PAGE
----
CIOs working for PortCos first need to know where to focus. Gupta suggests starting with the Investment Committee (IC) case, the report that details why a PE firm wants to invest in a particular company. “That investment thesis probably won’t say much about IT directly,” he says, “but it will give the commercial and operational rationale for the investment. From those you can infer what IT needs to do.”

Gupta also stresses the need to build relationships with PE stakeholders early and understand the underlying dynamics. “You have to appreciate what’s in it for the PE group and the PortCo management team,” he explains. “Many PE deals today are consortium deals involving several PE firms. Although those firms may share broad goals, they may have competing ideas about how to satisfy those goals.”

Finally, expect to get your hands dirty, warns Gupta. You’ll have to in order to keep everything on track while staying intimately familiar with your projects so you can report on them frequently and in great detail, which you will have to do. Indeed, the frequency of communication with PE advisors might surprise CIOs who come from more traditional backgrounds. Said another CIO who recently took a job at a PE-backed firm: “We email every day. And we frequently meet or call. Before, I might have spoken to the CEO once a month, if even that.”

What’s in it for you?

Considering all the pressures and constraints, why should you — or any CIO — choose to work for a PE-owned firm?

For one, compensation. “If your timing aligns with that of the private equity managers,” explains a CIO who works for a PE-backed firm, “and the company sells or IPOs, you’ll probably make many multiples of what you would elsewhere. It can be very lucrative.”

Working in PE can also accelerate your professional development. Not only do you learn to do more with less; you get to prove yourself to a cadre of (probably) well-connected investors who will remember you when they close their next deal, when they are asked to recommend leaders for other positions, or when they consider who might be a good fit for their own stable of operating experts.

Although PE managers will expect you to do more with less at first, they’ll respond favorably if you triumph, says Gupta. “They see [technology] as such an important lever, which means IT is going to have a pronounced role in the organization. You won’t be a back-office function.”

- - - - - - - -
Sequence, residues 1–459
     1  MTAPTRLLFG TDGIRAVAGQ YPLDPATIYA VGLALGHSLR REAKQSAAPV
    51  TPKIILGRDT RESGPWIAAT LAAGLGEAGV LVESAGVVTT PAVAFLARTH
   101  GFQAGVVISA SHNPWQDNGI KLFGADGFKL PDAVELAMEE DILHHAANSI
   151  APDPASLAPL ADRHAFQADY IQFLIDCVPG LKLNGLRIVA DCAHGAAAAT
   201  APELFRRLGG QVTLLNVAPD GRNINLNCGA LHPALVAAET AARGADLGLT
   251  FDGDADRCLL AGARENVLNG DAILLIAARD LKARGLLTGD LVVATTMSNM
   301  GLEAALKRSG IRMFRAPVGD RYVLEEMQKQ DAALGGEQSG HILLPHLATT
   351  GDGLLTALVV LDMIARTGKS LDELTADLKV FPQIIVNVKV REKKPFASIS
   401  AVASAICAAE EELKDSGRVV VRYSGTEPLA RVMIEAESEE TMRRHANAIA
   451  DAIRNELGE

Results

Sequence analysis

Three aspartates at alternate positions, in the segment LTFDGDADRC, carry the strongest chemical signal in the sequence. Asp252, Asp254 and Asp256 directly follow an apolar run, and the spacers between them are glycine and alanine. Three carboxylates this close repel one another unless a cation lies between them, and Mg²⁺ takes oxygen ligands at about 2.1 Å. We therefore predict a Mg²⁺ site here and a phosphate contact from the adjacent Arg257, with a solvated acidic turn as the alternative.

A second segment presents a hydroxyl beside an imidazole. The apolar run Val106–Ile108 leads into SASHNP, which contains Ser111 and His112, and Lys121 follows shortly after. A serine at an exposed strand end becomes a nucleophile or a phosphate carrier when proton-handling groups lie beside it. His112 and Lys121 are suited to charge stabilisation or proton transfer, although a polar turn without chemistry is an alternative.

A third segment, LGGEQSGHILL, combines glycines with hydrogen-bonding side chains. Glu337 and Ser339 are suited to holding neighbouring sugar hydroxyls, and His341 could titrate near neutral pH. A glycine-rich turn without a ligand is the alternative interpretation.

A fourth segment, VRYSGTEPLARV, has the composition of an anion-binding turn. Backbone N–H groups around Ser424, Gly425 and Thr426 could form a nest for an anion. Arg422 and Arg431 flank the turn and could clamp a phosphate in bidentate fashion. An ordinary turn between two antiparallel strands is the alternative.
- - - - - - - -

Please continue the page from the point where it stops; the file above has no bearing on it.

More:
Gupta says a company may see the capital available for deployment jump by a factor of 10 after closing a deal with private equity, giving the savvy CIO a chance to drive projects that set him or her apart.

“If you’re a CIO who really wants to make an impact, PE might be the way,” says Gupta. “The owner has already concluded IT can make a real difference, so you don’t need to convince people you deserve a seat at the table. You just have to keep it and continue elevating it from day one.”

Michael Bertha

Michael Bertha is a Partner at Metis Strategy, a strategy and management consulting firm specializing in the intersection of business strategy and technology. Michael is the Head of the firm's Central Office, where he advises Fortune 500 CIOs and Digital executives on the role that technology plays in differentiating the customer experience, developing new products & services, unlocking new business models, and improving organizational operations. Prior to joining Metis Strategy, Michael spent 9 years in the IT Strategy practice at Deloitte Consulting, where he focused on working with senior leadership teams across several industries on strategic, IT-enabled business transformations. Michael has an MBA from Cornell University, and a master’s degree in the Management of IT from the University of Virginia.

More from this author

Duke Dyksterhouse
by Duke Dyksterhouse

Duke Dyksterhouse is a senior associate at Metis Strategy, a strategy and management consulting firm specializing in the intersection of business strategy and technology. Duke is a part of the firm's Central Office, where he advises Fortune 500 CIOs and Digital executives on the role that technology plays in differentiating the customer experience, developing new products & services, unlocking new business models, and improving organizational operations. Duke earned his MBA from the University of Southern California, and degrees in economics and communications from the University of Michigan, Ann Arbor.